Direct Action

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James Tracy. Direct Action: Radical Pacifism from the Union Eight to the Chicago Seven. Chicago: University of Chicago Press. 1996. Pp. xv, 196. Cloth $34.95, paper $10.95. ISBN: 0226811301 [1]

Written in 1996, James Tracy’s Direct Action: Radical Pacifism from the Union Eight to the Chicago Seven examines the rise of radical pacifists from the early 1940s to 1970. This group sprang from the conscientious objector population of World War II, and although the movement remained small, it had a dramatic impact on the postwar Left, serving as “the principal interpreters of Gandhism.” (xiii) In Tracy’s mind, however, the “full history of radical pacifism…is not a triumphant one.” (xiv) Although the peace movements of the 1960s are indebted to these radical pacifists, “the tactics and ethos that suited small groups calling out in the political wilderness of the 1940s and 1950s were not particularly apt for the mass-based movements that emerged in the 1960s.” (xv) Indeed, “radical pacifism’s influence upon the foundations of the new radicalism…was both a major reason for the powerful symbolism of public protest during the late 1950s and 1960s and a key contributory factor in the ultimate unraveling of the Left in the late 1960s.” (xv)

A slim volume, Direct Action provides the reader with what Tracy calls a collective biography of influential pacifists, including David Dellinger, Jim Peck, Bayard Rustin, James Farmer and A. J. Muste. While the book does meander, plagued by awkward transitions, the stories of these men are fascinating. However, the story seems incomplete, lacking in analysis. Given that this book is Tracy’s first, it is an admirable attempt. Indeed, this book would appeal to those unfamiliar with the story of post-WWII dissent.

As previously stated, Tracy views “these radical pacifists became the principal interpreters of Gandhism on the American Left.” (xiii) They were, in Tracy’s mind, radical libertarians—a term, like Gandhism and other terms, that he fails to define adequately. The first of these radical pacifists he introduces is the Union Eight, a group of seminary students who refused to register with the Selective Service. Tracy boldly states, “the men did…hope to start a general movement, one of ‘extreme libertarianism’ against the coercive power of the United States government, which they felt was marching in lockstep toward fascism.” (2) Perhaps the reader would have understood this quotation better if Tracy had even discussed the Union Eight. It is unclear why they are even in the subtitle, as Tracy devotes a scant page and a half to these men. If they served as leaders for the radical pacifist movement, why do we not learn more about them? Tracy does not even mention their names.

Although Tracy does not fully flesh out his characters, and the book suffers from some organizational problems, he does demonstrate that the pacifists were ideologically consistent, opposing all forms of tyranny and repression. Although wary of Communism, “radical pacifists took a principled and courageous public stand on behalf of the civil liberties of persecuted Communists,” during the 1940s and 1950s. Indeed “all radical pacifist organizations maintained this stand throughout the 1950s, a time when public declaration of concern for the civil liberties of those convicted under the [anti-Communist] Smith Act was a rarity on the American Left.” (69) He also provides an interesting linkage between radical pacifism and the struggle against racial inequality. He does demonstrate how radical pacifists waged a war against segregation, indeed a great portion of his book deals with racial issues, from the founding of the Congress of Racial Equality (CORE) to the radical pacifists’ helping organize bus boycotts. The great misfortune is that the reader never realizes the full size and scope of this aid. Were the majority of radical pacifists so dedicated to racial equality? Did any oppose the tactics employed? Indeed, the reader never really gets to know what groups comprised radical pacifism, so we cannot know just how widespread the movement was.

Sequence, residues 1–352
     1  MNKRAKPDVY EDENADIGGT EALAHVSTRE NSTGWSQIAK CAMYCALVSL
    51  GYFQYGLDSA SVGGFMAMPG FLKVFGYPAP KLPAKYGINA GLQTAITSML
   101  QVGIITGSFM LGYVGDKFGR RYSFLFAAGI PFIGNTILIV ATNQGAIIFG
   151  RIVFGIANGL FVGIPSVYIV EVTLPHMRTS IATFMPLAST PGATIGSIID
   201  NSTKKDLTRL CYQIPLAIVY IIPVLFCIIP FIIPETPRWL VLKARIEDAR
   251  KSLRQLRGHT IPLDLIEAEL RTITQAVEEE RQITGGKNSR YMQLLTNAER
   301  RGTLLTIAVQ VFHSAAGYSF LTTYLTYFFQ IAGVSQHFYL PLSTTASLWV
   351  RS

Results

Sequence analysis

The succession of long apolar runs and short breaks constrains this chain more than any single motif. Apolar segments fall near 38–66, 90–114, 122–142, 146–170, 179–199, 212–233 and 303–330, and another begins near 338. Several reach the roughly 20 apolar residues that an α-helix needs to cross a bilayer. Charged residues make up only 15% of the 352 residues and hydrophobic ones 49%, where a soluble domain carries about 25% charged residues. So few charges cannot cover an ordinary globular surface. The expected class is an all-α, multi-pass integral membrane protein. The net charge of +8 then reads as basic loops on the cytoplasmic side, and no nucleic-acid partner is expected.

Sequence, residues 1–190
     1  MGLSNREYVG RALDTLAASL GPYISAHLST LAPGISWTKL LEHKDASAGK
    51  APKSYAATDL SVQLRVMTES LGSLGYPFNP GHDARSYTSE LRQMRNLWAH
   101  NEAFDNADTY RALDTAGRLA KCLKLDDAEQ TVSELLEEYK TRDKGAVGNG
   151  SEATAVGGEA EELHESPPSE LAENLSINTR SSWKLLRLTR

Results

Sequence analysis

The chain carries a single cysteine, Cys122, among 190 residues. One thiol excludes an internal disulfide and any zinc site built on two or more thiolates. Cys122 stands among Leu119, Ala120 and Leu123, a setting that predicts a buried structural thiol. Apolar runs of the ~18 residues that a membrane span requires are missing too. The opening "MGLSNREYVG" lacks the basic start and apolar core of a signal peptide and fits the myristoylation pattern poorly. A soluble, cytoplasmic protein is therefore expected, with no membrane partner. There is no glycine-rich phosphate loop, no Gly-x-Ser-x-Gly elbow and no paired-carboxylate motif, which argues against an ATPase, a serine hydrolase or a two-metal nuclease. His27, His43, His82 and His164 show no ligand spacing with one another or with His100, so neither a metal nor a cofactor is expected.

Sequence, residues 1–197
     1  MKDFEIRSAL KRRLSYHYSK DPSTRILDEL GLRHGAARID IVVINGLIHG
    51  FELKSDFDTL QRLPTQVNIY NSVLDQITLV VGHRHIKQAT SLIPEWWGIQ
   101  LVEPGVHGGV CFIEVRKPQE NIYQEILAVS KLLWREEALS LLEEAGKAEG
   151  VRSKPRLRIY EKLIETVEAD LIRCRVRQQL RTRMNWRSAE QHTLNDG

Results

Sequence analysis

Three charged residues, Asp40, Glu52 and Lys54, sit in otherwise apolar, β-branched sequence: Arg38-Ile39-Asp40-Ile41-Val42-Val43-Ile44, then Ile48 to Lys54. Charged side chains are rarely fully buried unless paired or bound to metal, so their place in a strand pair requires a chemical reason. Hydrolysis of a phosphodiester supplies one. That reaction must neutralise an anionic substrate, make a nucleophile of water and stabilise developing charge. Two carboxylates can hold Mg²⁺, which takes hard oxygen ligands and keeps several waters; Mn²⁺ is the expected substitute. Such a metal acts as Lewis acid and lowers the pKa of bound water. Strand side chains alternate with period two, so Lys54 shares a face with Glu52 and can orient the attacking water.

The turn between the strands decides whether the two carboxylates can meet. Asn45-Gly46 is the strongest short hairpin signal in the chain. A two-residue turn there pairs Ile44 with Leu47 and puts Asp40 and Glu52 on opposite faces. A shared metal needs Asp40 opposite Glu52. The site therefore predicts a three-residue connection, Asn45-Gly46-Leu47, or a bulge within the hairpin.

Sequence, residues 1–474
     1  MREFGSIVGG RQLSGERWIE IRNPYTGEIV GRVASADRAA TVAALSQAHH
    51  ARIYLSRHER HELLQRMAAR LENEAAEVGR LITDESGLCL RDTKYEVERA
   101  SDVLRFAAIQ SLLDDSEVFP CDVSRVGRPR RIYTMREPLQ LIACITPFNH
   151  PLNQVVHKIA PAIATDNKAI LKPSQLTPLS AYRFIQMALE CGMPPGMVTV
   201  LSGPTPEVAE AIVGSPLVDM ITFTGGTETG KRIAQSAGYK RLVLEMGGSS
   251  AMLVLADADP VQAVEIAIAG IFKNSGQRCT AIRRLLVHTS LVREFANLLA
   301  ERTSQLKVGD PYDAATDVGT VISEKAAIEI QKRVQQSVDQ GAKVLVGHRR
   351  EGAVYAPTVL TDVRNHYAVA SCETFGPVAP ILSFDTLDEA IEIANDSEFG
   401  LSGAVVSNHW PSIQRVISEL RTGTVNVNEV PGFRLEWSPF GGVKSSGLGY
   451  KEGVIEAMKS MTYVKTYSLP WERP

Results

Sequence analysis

In his concluding chapter, Tracy discusses the “end” of radical pacifism with an all-too-brief summary of the trial of the Chicago Seven (the trial of the Yippies who caused disruption and chaos at the 1968 Democratic nominating convention). He then concludes, “the movements radical pacifists led or influenced proved far more adept at challenging and disrupting the institutions or policies they deemed unjust than in creating sustainable alternatives.” (153) Although, he makes it sound as if the movement ended in failure, he also contends that the nonviolent direct action pacifists used, “is often used today by groups on both the Left and the Right whose leaders have little or no knowledge of radical pacifist history.” (153) In the end, he has not proven his thesis, that the radical pacifist movement was not a “triumphant one”. (xv) The reader sees that they had some successes in the 1940s and 50s, and they bequeathed a legacy to both the Right and the Left. The book is interesting one, but one that needed further research, as evidenced by the bibliography replete with secondary sources.

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